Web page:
Certain anxiety-based disorders, including generalized anxiety disorder, agoraphobia, post-traumatic stress disorder and obsessive-compulsive disorder, can significantly and negatively impact a person’s thoughts and quality of life due to the amount of stress they are known to cause.
A number of treatment options and therapies exist to help clients learn to cope with and eventually overcome their mental health condition, including the well-known, if not slightly misunderstood concept of exposure therapy.
What is exposure therapy?
Exposure therapy is defined as a type of therapy that slowly but surely helps you face those triggers known to cause you great stress or anxiety. What we have a fear of we often avoid because it makes us anxious, unsure and ultimately uncomfortable.
But with exposure therapy, you are forced to be uncomfortable and learn to be at peace with it. Slowly, by exposing yourself to those anxiety-inducing people, places or situations, you can build up tolerance and resilience until that which used to cause so much pain has a much smaller (perhaps nonexistent) impact on your mental well-being.
What is the goal of exposure therapy?
The goal of exposure therapy is to help people confront and overcome their fears by gradually exposing them to the things that make them anxious or afraid. The rationale behind doing so is this: when a person is afraid of something, they usually try to avoid it, which leads to consequences and continues to fuel their fear.
For example, someone with anxiety may be afraid of socializing, so they avoid people and don’t have any friends as a result. This example illustrates how problematic avoidance of fears can be. Exposure therapy says that in order to lead healthy, fulfilling lives we need to overcome our fears, not avoid them.
What happens during exposure therapy?
During exposure therapy, a therapist guides you through the process of confronting whatever causes you anxiety. There are three techniques one might experience in exposure therapy: in vivo, imaginal and flooding.
In vivo (“in life”) exposure therapy is when a person gradually exposes themselves to anxiety-inducing situations in real life in an effort to desensitize themselves from these experiences.
For someone with social anxiety, this might look like beginning to talk to people online through the video games they play, then beginning to text or talk on the phone with the acquaintances they have made through video games and then eventually meeting these friends in person.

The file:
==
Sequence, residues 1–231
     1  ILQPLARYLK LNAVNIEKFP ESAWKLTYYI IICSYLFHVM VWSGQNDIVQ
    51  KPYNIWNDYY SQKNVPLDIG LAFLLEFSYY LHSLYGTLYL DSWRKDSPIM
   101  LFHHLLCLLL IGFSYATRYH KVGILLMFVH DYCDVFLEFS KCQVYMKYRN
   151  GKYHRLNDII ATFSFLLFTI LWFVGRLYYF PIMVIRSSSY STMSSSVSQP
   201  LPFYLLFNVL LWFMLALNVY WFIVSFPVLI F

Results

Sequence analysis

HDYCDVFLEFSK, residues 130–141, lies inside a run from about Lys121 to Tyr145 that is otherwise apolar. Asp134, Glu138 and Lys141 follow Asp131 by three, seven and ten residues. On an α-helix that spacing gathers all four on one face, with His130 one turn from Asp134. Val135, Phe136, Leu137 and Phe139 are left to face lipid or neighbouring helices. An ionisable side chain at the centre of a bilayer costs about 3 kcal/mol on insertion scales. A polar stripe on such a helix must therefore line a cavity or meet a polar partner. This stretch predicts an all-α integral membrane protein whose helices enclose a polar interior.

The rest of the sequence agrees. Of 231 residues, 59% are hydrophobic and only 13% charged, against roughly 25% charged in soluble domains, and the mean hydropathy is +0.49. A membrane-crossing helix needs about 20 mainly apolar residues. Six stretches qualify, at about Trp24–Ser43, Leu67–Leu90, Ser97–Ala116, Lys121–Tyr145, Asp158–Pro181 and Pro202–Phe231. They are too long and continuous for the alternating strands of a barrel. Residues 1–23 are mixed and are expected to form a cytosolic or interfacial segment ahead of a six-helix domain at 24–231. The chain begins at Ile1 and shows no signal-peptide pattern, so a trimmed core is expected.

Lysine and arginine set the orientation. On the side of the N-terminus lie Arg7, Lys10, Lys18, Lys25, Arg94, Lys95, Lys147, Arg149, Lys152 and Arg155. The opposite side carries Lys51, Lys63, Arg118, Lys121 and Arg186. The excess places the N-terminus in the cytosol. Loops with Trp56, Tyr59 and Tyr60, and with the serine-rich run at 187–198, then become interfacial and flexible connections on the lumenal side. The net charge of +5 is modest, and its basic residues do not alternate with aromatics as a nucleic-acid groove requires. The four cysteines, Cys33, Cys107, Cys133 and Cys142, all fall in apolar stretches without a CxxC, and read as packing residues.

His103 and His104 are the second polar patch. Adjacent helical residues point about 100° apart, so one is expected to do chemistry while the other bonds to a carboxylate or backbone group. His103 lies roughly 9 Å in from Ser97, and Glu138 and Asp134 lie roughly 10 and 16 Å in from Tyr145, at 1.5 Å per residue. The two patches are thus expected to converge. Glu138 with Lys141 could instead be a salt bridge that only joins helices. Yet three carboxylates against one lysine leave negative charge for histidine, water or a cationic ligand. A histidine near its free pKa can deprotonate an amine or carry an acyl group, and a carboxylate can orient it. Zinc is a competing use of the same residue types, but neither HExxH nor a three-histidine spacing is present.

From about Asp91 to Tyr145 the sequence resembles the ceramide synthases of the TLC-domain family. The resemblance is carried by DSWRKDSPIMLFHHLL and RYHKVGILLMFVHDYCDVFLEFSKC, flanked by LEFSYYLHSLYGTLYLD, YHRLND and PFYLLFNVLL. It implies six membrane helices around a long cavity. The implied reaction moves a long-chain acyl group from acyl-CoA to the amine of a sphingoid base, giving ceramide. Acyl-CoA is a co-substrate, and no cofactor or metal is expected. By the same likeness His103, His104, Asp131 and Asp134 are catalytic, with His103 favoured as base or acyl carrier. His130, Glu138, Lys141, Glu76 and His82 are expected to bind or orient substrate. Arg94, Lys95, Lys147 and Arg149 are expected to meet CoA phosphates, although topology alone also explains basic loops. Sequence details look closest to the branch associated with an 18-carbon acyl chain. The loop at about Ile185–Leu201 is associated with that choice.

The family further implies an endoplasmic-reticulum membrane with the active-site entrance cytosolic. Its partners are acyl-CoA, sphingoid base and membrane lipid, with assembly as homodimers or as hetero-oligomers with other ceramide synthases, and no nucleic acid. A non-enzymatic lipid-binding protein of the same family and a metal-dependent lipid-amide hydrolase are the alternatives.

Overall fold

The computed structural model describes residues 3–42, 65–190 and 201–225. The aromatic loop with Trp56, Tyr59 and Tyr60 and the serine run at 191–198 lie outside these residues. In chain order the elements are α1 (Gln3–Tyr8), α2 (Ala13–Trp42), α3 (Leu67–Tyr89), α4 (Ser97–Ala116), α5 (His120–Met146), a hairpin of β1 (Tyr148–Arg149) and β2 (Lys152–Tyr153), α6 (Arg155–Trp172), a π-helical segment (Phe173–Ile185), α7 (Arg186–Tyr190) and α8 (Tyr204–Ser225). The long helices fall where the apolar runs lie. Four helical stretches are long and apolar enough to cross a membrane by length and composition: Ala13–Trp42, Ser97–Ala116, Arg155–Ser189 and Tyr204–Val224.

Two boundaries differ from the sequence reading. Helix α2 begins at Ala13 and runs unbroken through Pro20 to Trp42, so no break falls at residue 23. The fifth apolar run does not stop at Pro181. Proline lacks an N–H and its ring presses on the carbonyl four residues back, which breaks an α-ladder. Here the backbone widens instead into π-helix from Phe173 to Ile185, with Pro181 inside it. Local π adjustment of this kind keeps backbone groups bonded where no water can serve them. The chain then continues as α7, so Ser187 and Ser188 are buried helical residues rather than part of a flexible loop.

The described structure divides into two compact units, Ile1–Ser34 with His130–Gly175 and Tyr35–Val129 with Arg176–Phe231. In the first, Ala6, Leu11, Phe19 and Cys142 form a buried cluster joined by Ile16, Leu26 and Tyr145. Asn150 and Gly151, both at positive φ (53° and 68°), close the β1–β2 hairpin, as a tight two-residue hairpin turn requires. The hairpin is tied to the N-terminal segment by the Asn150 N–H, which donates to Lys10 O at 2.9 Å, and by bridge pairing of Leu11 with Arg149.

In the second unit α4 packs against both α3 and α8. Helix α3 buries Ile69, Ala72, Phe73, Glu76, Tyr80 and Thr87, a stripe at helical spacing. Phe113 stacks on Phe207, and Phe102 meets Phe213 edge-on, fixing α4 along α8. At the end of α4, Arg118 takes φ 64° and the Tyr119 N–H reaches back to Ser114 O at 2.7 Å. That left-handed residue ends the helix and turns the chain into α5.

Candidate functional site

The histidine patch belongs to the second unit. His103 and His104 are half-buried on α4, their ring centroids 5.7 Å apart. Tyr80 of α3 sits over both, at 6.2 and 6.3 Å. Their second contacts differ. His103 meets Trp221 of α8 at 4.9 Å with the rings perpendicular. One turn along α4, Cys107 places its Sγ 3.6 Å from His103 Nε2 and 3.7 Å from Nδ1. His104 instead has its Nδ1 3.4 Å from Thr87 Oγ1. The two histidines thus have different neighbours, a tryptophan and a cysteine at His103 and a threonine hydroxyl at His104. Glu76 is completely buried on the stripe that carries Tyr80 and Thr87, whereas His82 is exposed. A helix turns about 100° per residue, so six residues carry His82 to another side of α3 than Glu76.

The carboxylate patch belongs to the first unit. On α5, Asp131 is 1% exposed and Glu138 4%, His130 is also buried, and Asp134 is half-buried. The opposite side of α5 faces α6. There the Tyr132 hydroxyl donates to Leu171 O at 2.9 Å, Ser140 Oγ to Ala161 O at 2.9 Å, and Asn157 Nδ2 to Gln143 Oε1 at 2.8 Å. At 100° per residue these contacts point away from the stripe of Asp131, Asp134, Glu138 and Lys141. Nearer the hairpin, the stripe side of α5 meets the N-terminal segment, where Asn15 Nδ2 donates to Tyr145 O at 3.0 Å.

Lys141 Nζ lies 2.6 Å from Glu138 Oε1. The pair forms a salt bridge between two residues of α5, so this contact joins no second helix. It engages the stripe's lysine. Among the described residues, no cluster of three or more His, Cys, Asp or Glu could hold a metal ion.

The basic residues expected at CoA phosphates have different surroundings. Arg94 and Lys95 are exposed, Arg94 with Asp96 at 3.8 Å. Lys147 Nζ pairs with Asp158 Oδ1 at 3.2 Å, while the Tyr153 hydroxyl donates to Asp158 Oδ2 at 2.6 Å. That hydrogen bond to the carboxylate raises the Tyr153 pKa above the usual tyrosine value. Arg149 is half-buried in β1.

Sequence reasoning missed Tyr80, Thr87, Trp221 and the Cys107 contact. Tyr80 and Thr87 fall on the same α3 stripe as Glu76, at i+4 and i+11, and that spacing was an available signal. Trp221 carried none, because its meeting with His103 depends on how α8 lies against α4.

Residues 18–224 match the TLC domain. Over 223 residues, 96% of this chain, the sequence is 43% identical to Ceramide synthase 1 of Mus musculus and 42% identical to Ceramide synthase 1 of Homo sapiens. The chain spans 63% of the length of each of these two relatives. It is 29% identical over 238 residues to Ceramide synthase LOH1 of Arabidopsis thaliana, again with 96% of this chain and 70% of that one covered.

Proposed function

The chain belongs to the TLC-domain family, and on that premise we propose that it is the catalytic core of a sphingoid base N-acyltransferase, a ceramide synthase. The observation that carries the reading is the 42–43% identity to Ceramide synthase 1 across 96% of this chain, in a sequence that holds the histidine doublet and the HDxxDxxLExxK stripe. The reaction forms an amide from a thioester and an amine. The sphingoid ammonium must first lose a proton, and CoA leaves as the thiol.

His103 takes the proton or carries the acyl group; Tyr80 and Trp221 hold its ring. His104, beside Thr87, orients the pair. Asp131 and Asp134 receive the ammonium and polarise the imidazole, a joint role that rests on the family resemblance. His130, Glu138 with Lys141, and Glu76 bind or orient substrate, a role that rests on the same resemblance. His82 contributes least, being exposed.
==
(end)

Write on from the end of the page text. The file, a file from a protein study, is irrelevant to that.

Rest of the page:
Imaginal exposure therapy is when a person participates in a guided imagery session that prompts them to imagine themselves being exposed to triggers. In doing so, the person is able to start to identify what they would need to do to overcome their fears.
Like in vivo exposure therapy, imaginal exposure therapy is done on a gradual basis. However, because the situation is imaginary, there may be a greater sense of safety than there would be during in vivo exposure therapy.
The third type of exposure therapy — flooding — is when a person is exposed to the most anxiety-provoking situation they can identify right away instead of building up to it like in vivo and imaginal exposure therapy do.
An example of flooding would be if someone with social anxiety was instructed to go to a party where there would be lots of people. The theory behind flooding is that fear of a situation can only last for so long. Eventually, the person becomes exhausted by the situation and their anxiety begins to decrease.
Does exposure therapy work?
How much a certain therapy works rely heavily on the person going through treatment. The more effort they put into the treatment, the more they will receive from it. Objectively speaking, however, exposure therapy does have a high success rate.
One study focused specifically on, and found much evidence supporting, the effectiveness of exposure therapy in treating “anxiety disorders including posttraumatic stress disorder, obsessive-compulsive disorder, panic disorder, generalized anxiety disorder, social anxiety disorder, and specific phobia.”
Additionally, it has been proven that clients experienced fewer symptoms immediately following treatment and for a number of years to come. While those who ended therapy before the finish did experience a return of symptoms, those who persevered through the entire process found long-term relief from symptoms.
Exposure therapy treatment options
It’s important to note that all three exposure therapy techniques should be done under the supervision of an experienced, licensed therapist. If you have an anxiety disorder and feel that exposure therapy could be an important component of your recovery, consider The Light Program.
Reach out to our facility anytime by calling 610-644-6464 to learn more.